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The Sonoma Raceway was electrified as Kyle Larson claimed his third win of the 2024 season in the Toyota/Save Mart 350. Despite a competitive field, Larson’s strategic prowess and fresher tires enabled him to pass Chris Buescher and Martin Truex Jr. with just nine laps remaining.

The atmosphere was palpable, with fans cheering fervently for the Elk Grove native. This illustrated the significant influence they wield over the race’s dynamics. While Truex Jr., a favorite among many, faltered in the final moments, the hometown support for Larson seemed to steer the race’s outcome. This scenario exemplifies how fan engagement can shape the narrative and perceived quality of a NASCAR event, much beyond the statistics and strategies employed on the track, which was further amplified by NASCAR’s Senior Vice President, John Probst.

Fan dichotomy: heroes and villains in NASCAR


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In NASCAR, the fan base’s perception of drivers can greatly impact the overall experience and quality of a race. As John Probst noted, “The popularity works two ways. If they’re a real popular driver that’s well-liked, you could have a race that didn’t have such great statistics, but the fans will say it was a great race.” Conversely, races featuring drivers less favored by the crowd, even if highly competitive, might not receive the same enthusiastic reception. Think of Kyle Busch for example.

Dale Earnhardt Jr., often regarded as the “good guy” among fans, exemplifies how a driver’s popularity can elevate the excitement and perceived quality of a race. “And a lot of times the entertaining race comes down to the fans and how does their favorite driver do in that particular event, ” Probst explained. For instance in 2011 Coco Cola 600, when Dale Jr. ran out of gas in the final lap and Harvick took home the title, the entire momentum of the crowd that was in favor of Dale Jr, took a hit. Such upsets show the influence drivers have on fans and vice versa.

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Additionally, Ty Dillon also emphasized the importance of driver personalities in fan engagement. He remarked. “When us drivers are allowed to show a little bit of personality… it always seems to move the needle for us.” This sentiment harks back to historic moments like the famous fight on the backstretch involving Richard Petty, which significantly boosted viewership and fan engagement. Not to forget the recent tussle between Stenhouse Jr. and Kyle Busch. Dillon continued, “The drivers get into it and again there’s a lot at stake here. You can tell immediately from the reaction of the fans when something’s happening extracurricular after the race.

Probst also highlighted the balance between competition and entertainment. The NASCAR veteran said, “We asked our analytics team to answer what makes a great race. They found it’s 50-50 between competitive racing and fan entertainment.” And a good example of it can be Jeff Gluck’s pole after each race, where fans stock car racing fans get together to provide their verdict on the recently concluded race weekend.

And, as expected, after the Sonoma race, too, many people had many things to say!

Fans’ voices: reflecting the quality of NASCAR Races

Jeff Gluck’s fan polls often reveal fascinating insights into how fans perceive the quality of NASCAR races. The poll had this question put up “Was Sonoma a good race?“. It was immediately flooded with fan reactions.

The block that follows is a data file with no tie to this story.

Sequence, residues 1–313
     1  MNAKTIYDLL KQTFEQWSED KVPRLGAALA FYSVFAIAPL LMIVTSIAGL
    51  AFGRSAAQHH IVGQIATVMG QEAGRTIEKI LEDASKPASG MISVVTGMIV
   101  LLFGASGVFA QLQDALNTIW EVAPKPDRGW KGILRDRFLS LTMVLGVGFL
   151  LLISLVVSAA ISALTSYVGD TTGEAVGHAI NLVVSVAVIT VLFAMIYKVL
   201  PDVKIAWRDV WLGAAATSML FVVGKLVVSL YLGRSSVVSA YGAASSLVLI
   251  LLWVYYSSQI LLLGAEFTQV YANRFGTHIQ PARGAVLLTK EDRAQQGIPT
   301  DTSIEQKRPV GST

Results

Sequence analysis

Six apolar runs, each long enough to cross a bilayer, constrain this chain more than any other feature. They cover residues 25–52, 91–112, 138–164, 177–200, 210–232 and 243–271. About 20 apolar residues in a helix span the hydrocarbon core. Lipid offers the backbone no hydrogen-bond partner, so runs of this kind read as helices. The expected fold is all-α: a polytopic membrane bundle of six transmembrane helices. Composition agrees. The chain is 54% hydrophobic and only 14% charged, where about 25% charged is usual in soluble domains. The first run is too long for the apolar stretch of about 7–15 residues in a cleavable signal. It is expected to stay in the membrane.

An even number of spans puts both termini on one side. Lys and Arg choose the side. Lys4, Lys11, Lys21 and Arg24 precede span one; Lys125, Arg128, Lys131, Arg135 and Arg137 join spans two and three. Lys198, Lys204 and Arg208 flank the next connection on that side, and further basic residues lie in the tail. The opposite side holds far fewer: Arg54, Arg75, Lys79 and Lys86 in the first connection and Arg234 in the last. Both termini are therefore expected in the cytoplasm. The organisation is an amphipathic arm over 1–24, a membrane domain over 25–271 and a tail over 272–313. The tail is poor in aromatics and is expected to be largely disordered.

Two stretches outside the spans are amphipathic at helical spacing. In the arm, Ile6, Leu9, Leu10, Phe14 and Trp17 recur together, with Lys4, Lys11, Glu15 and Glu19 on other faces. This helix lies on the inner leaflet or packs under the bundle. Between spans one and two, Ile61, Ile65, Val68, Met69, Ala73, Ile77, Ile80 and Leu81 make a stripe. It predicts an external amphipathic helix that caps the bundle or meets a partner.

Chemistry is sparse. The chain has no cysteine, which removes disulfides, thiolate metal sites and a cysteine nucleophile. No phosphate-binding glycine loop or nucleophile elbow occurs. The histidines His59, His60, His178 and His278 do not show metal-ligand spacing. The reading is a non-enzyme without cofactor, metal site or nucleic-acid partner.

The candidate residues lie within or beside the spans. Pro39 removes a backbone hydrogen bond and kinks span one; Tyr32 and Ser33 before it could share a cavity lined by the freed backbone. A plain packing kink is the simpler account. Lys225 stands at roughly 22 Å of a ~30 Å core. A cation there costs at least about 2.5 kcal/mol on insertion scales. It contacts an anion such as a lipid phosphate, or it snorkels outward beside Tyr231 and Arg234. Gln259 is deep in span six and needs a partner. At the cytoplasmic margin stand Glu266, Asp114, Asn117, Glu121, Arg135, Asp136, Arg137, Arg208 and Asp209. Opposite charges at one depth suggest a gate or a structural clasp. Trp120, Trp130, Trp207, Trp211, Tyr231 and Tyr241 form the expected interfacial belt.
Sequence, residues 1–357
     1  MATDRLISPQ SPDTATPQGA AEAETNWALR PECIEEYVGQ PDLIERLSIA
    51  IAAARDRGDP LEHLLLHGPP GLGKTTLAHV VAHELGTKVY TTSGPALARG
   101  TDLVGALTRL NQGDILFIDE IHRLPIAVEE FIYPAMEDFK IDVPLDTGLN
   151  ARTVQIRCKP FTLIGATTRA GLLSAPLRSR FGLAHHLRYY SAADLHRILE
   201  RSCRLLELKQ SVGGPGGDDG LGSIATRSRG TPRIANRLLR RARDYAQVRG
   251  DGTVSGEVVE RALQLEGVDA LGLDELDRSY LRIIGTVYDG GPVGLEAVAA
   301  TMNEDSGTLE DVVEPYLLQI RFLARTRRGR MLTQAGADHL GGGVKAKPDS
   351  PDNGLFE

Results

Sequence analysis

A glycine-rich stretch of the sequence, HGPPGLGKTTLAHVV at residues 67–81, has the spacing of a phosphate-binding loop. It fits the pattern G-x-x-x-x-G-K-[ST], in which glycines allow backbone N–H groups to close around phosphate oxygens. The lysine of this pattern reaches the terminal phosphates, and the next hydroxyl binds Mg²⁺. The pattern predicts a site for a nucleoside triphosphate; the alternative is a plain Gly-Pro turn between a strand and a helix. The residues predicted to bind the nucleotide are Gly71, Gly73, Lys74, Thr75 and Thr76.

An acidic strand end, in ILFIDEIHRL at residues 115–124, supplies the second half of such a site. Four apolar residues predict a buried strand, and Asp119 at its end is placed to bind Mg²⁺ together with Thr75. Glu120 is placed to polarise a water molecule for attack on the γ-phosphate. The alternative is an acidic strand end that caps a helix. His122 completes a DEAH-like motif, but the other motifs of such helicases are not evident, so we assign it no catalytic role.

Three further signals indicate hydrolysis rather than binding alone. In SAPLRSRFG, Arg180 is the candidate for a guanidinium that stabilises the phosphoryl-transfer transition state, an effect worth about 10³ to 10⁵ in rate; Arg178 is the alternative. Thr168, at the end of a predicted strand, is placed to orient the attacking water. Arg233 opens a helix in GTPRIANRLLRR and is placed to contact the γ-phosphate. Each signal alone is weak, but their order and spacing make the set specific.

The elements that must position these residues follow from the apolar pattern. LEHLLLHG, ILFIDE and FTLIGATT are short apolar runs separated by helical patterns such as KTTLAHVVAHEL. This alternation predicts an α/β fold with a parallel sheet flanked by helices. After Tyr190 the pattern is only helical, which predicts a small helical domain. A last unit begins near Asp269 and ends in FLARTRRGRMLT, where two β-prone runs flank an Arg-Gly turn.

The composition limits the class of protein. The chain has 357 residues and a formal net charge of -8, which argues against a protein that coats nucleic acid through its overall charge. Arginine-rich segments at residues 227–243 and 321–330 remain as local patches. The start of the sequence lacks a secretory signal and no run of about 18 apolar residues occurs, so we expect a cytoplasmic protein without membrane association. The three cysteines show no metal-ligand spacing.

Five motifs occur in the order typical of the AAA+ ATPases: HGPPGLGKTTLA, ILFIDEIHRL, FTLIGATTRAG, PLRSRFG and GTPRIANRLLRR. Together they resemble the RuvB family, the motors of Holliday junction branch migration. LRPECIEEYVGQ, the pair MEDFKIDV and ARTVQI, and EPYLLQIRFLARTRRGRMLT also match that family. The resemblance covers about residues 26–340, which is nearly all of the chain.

Following Larson’s victory at Sonoma, a significant portion of users expressed their delight. They attributed the race’s success to the hometown hero’s triumphant return. Quotes from fans highlighted in the poll included remarks like, “Watching Larson win at home was the highlight of my year!“.


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However, opinions also varied with one person mentioning, “Virtually no passing the entire race. Strategy wasn’t even interesting because we knew Larson was going to win. I have no idea how this is above 80% right now.” In contrast, another fan appreciated the competitive spirit, saying, “Three-way battle for the lead with shenanigans the entire way.”

Some fans highlighted the excitement brought by the race dynamics, stating “Probably the best next-gen road course race ever,“.  This comment shows that next gen cars are not as unpopular as they are made to sound. Another tweet read, “Multiple cautions make for good road racing,” showcasing the subjective nature of race enjoyment among fans.

Some fans were thrilled with Larson’s performance, while others had different preferences. One fan expressed, “Was a great race. Love watching Kyle Larson drive through the field!” Conversely, another fan felt disappointed, stating, “No, Martin Truex Jr. should have won.


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The poll also captured the sentiments of fans with varying interests. A fan expressed his displeasure about road courses. He stated, “I have no interest in road races nor street courses, so I have no idea. If it’s not an oval, I just wait until the next week to tune in.” Another fan added, “The repave did wonders, track needed that badly. Overall not a bad race. I was pleasantly surprised with how bad road courses have been for this car.

It is clear from the polls that the views of the fans can be quite different from those of the experts. Despite condemnation of next gen cars by veterans, fans seem to love it. Moreover, the poll depicts that the road courses needn’t be as bad as they are made to sound. All these reactions indicate that NASCAR is doing the right thing by taking into account, fan sentiments. After all, at the end of the day, it is not just the drivers who rule the show.